- Ketoacidosis: A few cases of ketoacidosis (a serious condition that occurs in uncontrolled diabetes) have been reported in breastfeeding women, likely triggered by a very low-carb diet. However, this is extremely rare (10, 11, 12).
- Kidney stones: Although uncommon, some epileptic children have developed kidney stones on a ketogenic diet (9, 13, 14, 15).
- Raised cholesterol levels: Some people get increased total and low-density lipoprotein (LDL) cholesterol levels (16, 17, 18).
Bottom Line: Less common side effects include issues for breastfeeding women, kidney stones in epileptic children and raised cholesterol levels.
How to Minimize Potential Side Effects
Here’s how to minimize the potential side effects of ketosis:
- Drink plenty of water: Make sure to drink at least 68 oz (2 liters) of water a day. A significant amount of water weight is lost in ketosis, especially in the beginning.
- Get enough salt: Sodium, a crucial electrolyte, gets excreted in large amounts when carb intake is reduced. Replenish your salt by adding it to foods or drinking broth.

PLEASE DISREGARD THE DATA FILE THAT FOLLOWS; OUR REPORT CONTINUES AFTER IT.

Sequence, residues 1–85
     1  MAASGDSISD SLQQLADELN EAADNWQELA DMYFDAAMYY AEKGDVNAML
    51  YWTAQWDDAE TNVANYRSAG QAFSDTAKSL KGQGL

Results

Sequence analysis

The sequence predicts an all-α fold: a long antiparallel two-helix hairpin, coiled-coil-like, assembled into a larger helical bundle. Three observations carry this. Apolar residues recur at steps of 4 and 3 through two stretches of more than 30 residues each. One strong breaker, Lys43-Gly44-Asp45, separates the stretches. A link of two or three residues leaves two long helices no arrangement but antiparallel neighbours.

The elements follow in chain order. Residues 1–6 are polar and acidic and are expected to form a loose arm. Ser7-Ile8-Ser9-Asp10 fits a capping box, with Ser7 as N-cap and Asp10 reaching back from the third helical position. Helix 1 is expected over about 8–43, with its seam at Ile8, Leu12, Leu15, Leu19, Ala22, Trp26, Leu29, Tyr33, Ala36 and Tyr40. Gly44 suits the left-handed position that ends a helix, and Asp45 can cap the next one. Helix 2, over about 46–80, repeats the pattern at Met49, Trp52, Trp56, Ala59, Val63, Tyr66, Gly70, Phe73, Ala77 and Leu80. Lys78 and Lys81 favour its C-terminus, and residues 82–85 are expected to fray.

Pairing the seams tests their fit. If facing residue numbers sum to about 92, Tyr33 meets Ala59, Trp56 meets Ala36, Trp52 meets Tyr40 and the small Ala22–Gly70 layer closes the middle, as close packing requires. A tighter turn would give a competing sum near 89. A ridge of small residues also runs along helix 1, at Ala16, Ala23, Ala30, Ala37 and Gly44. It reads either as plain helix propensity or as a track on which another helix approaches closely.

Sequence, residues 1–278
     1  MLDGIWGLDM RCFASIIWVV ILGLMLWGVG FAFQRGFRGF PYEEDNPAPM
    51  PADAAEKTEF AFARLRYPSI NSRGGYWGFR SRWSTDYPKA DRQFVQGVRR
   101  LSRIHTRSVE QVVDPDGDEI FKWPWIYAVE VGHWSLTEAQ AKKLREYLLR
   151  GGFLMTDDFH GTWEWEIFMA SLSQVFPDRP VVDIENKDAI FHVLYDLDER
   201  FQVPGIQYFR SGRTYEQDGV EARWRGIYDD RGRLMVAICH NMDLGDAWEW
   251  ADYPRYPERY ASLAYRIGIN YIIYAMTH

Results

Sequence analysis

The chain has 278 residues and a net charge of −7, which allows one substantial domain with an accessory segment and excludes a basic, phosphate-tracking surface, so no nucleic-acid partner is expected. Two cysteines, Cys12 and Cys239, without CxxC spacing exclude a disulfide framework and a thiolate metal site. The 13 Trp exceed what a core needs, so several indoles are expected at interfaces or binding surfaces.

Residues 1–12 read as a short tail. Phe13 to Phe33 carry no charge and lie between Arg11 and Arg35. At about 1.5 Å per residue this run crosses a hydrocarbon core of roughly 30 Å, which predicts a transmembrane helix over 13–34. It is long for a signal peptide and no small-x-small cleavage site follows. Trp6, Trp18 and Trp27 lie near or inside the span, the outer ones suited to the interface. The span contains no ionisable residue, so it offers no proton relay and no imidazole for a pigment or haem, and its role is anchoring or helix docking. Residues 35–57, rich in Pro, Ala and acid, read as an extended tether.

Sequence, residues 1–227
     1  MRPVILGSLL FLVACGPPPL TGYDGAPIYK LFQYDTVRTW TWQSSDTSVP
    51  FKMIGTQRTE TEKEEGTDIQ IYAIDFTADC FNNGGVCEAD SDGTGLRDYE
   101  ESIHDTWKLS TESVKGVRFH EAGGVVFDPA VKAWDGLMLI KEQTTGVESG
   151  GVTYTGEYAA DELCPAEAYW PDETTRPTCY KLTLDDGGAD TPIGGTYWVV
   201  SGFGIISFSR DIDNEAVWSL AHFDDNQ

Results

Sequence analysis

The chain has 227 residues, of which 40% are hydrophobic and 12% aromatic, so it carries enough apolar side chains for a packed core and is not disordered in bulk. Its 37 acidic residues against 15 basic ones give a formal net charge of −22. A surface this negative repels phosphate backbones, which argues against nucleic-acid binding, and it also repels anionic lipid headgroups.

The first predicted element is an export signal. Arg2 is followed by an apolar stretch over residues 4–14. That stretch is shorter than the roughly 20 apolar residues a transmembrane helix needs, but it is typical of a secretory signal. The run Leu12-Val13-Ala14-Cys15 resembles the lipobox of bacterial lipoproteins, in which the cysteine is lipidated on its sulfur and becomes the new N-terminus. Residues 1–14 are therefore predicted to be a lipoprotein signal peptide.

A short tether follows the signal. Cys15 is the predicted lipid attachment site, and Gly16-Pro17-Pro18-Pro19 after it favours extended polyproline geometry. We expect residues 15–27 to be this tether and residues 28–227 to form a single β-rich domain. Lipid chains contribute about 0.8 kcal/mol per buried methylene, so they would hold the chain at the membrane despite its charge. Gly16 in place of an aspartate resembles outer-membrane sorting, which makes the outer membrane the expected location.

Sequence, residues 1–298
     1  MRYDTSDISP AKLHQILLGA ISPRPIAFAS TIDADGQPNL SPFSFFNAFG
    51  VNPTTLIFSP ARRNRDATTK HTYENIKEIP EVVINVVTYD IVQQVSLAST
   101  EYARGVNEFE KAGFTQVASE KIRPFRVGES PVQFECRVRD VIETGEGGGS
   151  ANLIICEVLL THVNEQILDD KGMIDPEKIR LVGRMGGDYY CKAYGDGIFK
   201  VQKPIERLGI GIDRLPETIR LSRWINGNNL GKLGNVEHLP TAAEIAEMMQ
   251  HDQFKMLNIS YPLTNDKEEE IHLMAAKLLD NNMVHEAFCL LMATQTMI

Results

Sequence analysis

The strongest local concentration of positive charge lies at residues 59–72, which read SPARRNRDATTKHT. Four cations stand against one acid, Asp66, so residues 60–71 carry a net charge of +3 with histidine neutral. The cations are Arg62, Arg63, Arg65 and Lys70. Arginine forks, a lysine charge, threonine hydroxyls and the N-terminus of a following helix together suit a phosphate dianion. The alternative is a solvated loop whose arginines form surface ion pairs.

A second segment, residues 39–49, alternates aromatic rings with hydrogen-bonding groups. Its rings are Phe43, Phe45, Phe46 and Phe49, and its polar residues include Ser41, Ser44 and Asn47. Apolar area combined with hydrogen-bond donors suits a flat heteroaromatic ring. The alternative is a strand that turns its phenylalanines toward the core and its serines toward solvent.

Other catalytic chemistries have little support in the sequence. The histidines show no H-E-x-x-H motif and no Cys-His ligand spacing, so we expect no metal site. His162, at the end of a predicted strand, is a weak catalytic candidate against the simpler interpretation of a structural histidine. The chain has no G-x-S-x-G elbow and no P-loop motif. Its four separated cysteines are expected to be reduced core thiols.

- Increase mineral intake: Foods high in magnesium and potassium may help relieve leg cramps.
- Avoid intense exercise: Don’t push yourself too hard while you’re adapting to ketosis. Stick to moderate levels of exercise in the first week or two.
- Try a low-carb diet first: To ease the transition, it might help to reduce your carbs to a moderate amount before trying a ketogenic (very low-carb) diet.
- Eat fiber: A low-carb diet is not no-carb. Eat fiber-rich foods like nuts, seeds, berries and low-carb veggies.
Bottom Line: There are a few ways to minimize the negative symptoms of ketosis. These include drinking enough water, and eating foods rich in fiber and minerals.
Ketosis Is Healthy and Safe, but Is Not Suitable for Everyone
Being in ketosis has been shown to have powerful benefits for certain people, such as people with obesity or type 2 diabetes and children with epilepsy.
Yet although ketosis is generally healthy and safe, you may experience some side effects. These include the “low-carb flu,” leg cramps, bad breath and digestive issues.
However, these effects are usually temporary and should go away within a few days or weeks. Diet and lifestyle changes can also help minimize these effects.
Additionally, it should be noted that while getting into ketosis has obvious benefits for some people, it is definitely not for everyone.
Some people feel great and experience incredible benefits on a ketogenic diet, while others feel and perform much better on a higher-carb diet.